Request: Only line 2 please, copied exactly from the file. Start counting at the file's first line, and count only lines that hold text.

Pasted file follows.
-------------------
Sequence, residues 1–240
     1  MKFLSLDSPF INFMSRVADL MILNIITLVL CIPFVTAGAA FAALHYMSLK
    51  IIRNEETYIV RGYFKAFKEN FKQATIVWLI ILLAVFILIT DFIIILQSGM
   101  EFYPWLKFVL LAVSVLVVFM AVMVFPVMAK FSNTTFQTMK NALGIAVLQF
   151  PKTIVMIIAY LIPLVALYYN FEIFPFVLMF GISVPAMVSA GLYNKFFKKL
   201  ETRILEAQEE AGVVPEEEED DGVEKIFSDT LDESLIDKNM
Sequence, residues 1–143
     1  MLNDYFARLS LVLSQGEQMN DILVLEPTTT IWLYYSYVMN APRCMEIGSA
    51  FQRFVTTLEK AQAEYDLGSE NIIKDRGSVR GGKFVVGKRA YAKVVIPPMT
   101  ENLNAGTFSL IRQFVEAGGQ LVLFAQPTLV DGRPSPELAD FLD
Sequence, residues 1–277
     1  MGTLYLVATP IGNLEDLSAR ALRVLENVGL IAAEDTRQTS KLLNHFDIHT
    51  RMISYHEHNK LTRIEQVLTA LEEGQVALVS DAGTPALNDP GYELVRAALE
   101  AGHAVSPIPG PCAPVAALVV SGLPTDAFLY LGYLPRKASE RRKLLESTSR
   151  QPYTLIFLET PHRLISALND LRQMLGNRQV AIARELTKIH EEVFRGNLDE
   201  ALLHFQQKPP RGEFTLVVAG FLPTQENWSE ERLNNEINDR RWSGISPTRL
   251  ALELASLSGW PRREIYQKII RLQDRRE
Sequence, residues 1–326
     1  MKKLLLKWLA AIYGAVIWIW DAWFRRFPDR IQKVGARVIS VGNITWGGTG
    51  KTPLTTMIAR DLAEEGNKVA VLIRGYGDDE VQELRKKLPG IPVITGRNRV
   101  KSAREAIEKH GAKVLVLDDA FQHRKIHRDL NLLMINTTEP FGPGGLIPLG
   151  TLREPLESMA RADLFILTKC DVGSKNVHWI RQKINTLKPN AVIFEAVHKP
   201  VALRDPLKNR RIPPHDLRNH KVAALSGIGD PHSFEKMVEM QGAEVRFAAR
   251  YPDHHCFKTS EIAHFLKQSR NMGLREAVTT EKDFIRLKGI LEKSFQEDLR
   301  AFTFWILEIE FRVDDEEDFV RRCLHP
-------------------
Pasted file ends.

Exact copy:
     1  MKFLSLDSPF INFMSRVADL MILNIITLVL CIPFVTAGAA FAALHYMSLK